When the term “Knights of the Golden Circle” arises, many immediately recall John Wilkes-Booth and the assassination of Abraham Lincoln. Our historical lessons have portrayed the KGC as a rebellious group responsible for treasonous acts against the United States. Similarly, mainstream education depicted the Civil War as primarily concerning slavery, while portraying Jesse James as a typical bank robber. Thankfully, modern technology enables independent investigation, revealing that much of what we were taught about the KGC, the Civil War, and Jesse James was indeed misleading. Understanding this misinformation is crucial in the quest for KGC treasure, as a significant portion of its history has been wiped from records.
During the peak of the Civil War, the KGC comprised high-ranking officials with the ambitious goal of establishing a separate nation encompassing the southern states, Mexico, and Cuba, forming a circular region, hence their name. To finance this vision, they enlisted the aid of a young Jesse James, driven by his deep aversion to Northern practices. Empowered by the KGC, James embarked on a spree of robbing Union banks and stagecoaches, aiming to weaken the North and bolster their financial resources. Rather than spending the acquired gold, the KGC stockpiled it for future use, laying the foundation for the phrase “the south will rise again.”
However, the growing influence of the Northern states, backed by foreign banks, led to their overpowering, and the KGC foresaw the imminent end of the war. Just before General Lee’s surrender, they swiftly relocated their gold reserve from Richmond to Nashville, dispersing it across various locations throughout the United States to evade Union seizure.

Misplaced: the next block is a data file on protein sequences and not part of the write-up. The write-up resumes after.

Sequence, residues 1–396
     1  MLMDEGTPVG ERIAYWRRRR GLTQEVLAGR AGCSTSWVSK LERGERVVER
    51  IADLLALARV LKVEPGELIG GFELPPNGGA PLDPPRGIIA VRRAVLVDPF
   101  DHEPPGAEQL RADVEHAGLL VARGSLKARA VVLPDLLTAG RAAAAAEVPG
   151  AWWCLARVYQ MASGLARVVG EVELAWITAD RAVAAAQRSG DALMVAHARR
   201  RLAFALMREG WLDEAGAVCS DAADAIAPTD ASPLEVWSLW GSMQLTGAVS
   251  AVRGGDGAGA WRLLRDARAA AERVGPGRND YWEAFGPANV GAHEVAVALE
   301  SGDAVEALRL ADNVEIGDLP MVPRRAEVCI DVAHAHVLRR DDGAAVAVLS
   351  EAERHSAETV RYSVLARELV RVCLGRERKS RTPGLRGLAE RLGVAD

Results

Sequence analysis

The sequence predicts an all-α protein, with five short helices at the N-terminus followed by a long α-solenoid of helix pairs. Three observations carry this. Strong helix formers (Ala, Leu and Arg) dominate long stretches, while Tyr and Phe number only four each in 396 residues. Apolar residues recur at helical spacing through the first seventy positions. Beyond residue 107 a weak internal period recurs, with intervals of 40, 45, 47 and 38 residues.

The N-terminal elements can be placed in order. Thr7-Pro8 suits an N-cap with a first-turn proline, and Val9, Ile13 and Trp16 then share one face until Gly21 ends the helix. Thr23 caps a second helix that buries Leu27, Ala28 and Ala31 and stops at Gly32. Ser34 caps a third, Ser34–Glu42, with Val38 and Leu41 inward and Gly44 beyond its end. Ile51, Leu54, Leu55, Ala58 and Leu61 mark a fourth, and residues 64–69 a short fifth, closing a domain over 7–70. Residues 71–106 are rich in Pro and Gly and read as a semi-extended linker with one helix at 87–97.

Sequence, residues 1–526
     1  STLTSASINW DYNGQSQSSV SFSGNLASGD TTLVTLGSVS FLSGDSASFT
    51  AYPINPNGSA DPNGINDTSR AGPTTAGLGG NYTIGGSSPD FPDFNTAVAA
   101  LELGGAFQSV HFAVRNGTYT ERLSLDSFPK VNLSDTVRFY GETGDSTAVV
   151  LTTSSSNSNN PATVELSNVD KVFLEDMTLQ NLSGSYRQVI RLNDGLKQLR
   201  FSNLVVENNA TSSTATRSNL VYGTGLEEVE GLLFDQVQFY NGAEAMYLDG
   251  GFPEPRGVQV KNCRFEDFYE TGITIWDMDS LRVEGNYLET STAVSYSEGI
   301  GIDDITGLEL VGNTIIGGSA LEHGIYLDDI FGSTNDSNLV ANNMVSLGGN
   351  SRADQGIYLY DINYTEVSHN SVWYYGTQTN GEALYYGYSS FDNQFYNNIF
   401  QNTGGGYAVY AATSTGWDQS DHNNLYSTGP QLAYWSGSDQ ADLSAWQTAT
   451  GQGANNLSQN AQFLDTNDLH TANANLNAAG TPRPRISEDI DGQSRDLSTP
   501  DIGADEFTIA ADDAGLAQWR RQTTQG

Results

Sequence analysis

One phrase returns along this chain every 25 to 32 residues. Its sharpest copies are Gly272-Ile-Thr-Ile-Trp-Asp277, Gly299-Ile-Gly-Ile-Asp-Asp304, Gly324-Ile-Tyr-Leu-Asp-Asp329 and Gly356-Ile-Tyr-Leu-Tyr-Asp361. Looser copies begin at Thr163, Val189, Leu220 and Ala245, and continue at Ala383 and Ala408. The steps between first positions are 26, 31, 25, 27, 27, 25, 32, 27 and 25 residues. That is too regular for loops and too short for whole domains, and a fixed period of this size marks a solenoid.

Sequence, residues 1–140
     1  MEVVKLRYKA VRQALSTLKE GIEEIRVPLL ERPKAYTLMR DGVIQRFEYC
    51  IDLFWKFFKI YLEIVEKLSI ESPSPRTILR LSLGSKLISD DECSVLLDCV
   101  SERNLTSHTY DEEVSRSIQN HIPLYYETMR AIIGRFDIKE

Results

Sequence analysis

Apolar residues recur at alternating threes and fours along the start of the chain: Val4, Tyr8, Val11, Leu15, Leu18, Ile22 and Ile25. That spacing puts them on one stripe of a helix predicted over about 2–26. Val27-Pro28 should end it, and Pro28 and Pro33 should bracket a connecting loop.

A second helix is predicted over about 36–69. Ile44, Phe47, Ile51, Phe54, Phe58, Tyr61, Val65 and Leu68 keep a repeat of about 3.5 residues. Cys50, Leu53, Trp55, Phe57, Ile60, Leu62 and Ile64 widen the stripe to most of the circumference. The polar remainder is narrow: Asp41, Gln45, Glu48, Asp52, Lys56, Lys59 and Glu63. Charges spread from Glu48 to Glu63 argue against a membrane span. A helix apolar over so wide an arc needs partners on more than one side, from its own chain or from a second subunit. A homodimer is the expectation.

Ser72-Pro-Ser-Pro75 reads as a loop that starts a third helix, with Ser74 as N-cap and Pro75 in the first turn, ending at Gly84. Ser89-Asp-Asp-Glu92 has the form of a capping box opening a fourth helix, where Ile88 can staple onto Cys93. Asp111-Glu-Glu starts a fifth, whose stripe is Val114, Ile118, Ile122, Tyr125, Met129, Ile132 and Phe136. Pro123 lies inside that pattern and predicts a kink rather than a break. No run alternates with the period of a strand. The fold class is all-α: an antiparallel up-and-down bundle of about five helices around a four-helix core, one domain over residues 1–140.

Even after the war’s conclusion, Jesse James, along with numerous KGC members, persisted in looting Northern-owned banks and transportation, preparing for a prospective second war. They ingeniously concealed their riches in scattered caches to minimize losses if ever discovered. This strategy led to the use of various ciphers, map overlays, and symbols by the KGC. Notably, the “JJ” carving, symbolizing Jesse James, has become synonymous with the KGC caches. Additionally, they reshaped trees, incorporated the heart symbol in diverse forms, and favored the holly tree to leave behind clues.
If you locate an undisturbed rural area through which the KGC once traversed, adorned with these symbols, you might uncover the intricate methods employed by the KGC to conceal their caches and potentially unearth a considerable fortune. Over the past six years, there have been five documented cases of KGC caches being discovered, ranging from $50,000 to $600,000 in value. The next remarkable find could be yours.
Join us as we delve deeper into the role of Jesse James and the circumstances surrounding instances where KGC treasure was unearthed.